"We wanted to do an improvised telenovela, but we wanted to take ourselves outside of stereotypical roles," says Latinauts producer and performer Lili Lopez. "We didn't want to be maids or pool boys or ..."
"Landscapers," fellow producer/performer Carlos LaRotta suggests.
"Landscapers. Nannies," Lopez continues. "We talked about it [and] asked ourselves how we can take it out of this world. And we took it out of this world."
Specifically, they took the concept off planet Earth entirely and into outerspace, creating the improv show Latinauts, which chronicles the comedic adventures of the Starship Edward James Olmos.
"Yeah, that was it," says LaRotta. "We were trying to find where can we put some Latinos and Latinas where you don't normally see them. "[And] one of the funniest concepts to me is just anything In Space. Like Vampires in Space or whatever. It was a funny concept to us."
The show's formatted more or less like a Star Trek or Battlestar Galactica series, with the cast playing the same characters week to week, but with each night's plot and story improvised based on audience suggestions. The current season of the show, which wraps up this weekend, is subtitled The Wrath of Juan, and has introduced a new, villainous character to the cast. That's also added a new layer to the telenovela half of this sci-fi/telenovela mash up.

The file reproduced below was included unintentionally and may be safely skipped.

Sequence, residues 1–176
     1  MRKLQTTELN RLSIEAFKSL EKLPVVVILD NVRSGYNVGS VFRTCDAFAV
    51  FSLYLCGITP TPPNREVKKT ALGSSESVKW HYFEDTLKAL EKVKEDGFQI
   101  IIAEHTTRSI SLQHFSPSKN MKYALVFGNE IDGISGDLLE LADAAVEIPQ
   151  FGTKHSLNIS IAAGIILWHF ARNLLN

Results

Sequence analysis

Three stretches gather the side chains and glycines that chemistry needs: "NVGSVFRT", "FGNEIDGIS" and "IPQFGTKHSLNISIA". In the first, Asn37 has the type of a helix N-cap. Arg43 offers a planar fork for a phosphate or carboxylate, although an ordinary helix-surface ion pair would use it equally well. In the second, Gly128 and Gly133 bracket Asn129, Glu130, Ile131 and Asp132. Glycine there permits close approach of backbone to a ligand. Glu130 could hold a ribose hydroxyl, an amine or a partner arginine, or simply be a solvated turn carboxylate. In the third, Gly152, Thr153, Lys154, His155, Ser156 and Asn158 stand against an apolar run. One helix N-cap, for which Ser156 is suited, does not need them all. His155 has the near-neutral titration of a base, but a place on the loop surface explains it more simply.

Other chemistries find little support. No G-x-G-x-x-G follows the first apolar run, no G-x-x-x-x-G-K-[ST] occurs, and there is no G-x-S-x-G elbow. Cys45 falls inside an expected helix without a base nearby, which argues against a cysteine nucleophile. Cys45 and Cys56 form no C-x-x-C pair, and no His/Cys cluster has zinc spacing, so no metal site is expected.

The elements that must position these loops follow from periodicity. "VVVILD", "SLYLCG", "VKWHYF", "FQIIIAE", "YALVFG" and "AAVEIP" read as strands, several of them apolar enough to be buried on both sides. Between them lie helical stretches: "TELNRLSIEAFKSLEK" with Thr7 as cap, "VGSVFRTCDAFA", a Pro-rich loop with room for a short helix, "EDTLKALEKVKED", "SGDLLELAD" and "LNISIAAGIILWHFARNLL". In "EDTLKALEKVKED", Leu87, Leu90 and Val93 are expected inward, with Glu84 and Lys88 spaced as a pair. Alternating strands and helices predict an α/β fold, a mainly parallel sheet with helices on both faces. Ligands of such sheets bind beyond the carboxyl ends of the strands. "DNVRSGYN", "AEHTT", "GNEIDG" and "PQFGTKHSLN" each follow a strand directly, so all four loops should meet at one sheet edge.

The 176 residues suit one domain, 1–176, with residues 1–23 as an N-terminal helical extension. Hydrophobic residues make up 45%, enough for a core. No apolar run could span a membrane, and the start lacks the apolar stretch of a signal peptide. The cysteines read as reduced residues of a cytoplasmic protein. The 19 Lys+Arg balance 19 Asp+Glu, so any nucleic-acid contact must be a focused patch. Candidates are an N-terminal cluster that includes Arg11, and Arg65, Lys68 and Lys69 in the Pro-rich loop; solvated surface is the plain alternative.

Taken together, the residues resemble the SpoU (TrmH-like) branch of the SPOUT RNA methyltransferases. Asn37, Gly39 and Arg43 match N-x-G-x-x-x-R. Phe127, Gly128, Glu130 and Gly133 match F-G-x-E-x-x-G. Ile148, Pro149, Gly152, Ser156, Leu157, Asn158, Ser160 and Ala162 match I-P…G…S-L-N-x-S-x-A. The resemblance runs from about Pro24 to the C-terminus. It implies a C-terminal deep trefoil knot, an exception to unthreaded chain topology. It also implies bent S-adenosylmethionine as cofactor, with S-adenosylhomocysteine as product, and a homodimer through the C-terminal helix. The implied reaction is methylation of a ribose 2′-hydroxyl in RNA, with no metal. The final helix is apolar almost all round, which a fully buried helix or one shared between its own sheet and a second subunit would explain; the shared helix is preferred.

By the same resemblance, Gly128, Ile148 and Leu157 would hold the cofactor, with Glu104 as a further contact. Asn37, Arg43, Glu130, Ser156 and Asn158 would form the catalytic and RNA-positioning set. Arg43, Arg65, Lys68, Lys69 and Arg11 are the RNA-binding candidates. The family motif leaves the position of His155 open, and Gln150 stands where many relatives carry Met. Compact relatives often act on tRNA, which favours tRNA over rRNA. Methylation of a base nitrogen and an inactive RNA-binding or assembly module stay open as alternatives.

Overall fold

"It's a lot of falling in love with someone, or with the villain," says director/performer Ben G. Bazan.
Lopez admits to not being much of a sci-fi expert before starting Latinauts, but she, Bazan, and LaRotta all grew up with telenovelas in the house.
"What did you watch? I watched Luz Clarita," she says.
"Marimar," says Bazan. "My mom and my aunt and my sister all used to watch that."
"When I would go visit my grandmother back in Columbia, she would watch Mexican telenovelas," says LaRotta. So I used to watch telenovelas with my grandma. But it was always just crazy to me."
In Latinauts, "there's a lot of Spanish-speaking," says Lopez, adding that English-only speakers shouldn't be scared off by that fact. "Some of the crew members will be speaking in Spanish in their scenes, and we'll be replying in English or translating subtly for the audience, just to make sure they're taken care of and having a good time."
"It's not always easy to be proud of your culture and live in America," says Lopez. "And that is very much something that binds us and bonds us. We talk about that before we rehearse -- we talk about our experiences and how this is somewhat of a responsibility, but also just our chance to have fun in a way that we have not been able to before. And it shows on stage, and when we're having fun, the audience is having fun. And we always try to have the most fun."